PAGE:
Question: Can a schedule or routine in a nursing home hinder the recovery of a patient? My mom is in her fourth week in a nursing home after having an out patient surgery procedure. She is woken up at 5:30 in the morning but breakfast is not until 8:00. She then has physical therapy for about two hours. Mom is the type of person that must eat breakfast as soon as possible after she wakes up, or she does not feel well. The nursing home staff want to keep her another two weeks because they say she is not doing well.
Dr. Amy: Waiting two and a half hours for breakfast for many people would be unpleasant. I know many people who, like your mom, prefer to have breakfast shortly after they get up. If they have to wait, it can put them off their day. Surely there is a way to get you mom a bite to eat first thing in the morning. I encourage you to talk to the nursing home staff about the situation and see if they can bring her a snack to tide her over until breakfast. If at first you do not meet with success, I encourage go through the chain of command until you find someone who can help your mom. Proper nutrition plays an important role in the maintenance of good health. This is especially true for people recovering from surgery. And in your mom’s case, it seems the long wait for breakfast is making her feel unwell.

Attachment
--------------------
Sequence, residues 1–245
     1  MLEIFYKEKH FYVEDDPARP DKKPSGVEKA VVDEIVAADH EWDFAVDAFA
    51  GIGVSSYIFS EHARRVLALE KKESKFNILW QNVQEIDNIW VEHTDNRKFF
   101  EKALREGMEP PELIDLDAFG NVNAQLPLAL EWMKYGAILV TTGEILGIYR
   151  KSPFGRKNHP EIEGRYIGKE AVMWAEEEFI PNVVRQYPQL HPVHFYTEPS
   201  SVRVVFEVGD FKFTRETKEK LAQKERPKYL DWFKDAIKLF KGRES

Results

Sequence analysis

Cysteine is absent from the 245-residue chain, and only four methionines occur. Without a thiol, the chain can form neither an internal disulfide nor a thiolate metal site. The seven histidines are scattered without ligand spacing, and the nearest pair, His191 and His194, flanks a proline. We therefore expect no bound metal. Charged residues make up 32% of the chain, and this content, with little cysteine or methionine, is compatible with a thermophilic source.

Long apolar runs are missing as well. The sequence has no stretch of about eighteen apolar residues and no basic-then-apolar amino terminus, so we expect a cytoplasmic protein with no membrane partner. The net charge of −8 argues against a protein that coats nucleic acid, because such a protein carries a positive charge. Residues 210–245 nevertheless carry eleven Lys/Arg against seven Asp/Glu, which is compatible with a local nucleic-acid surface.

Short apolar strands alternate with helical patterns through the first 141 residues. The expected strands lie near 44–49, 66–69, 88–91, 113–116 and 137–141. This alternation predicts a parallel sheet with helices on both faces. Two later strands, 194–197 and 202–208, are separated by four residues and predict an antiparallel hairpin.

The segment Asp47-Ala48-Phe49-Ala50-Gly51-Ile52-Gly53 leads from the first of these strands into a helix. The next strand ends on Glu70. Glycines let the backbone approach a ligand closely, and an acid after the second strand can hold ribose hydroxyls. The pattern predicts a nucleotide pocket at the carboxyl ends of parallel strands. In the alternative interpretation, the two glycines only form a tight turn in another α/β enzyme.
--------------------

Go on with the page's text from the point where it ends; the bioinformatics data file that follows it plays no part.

Is your mom able to feed herself? Since your mom is only there for two more weeks, I wonder—if the nursing home staff is not able to help your mom—if you might bring her something non-perishable like muffins. She could keep them in a Tupperware container and eat one every morning before breakfast. If she cannot feed herself, you might consider hiring a caregiver to come in and take care of your mom from wake up time to breakfast—and bring her something to eat.
I wonder if readers have any experience with this kind of situation to share? I'd be interested to hear about any similar situations.
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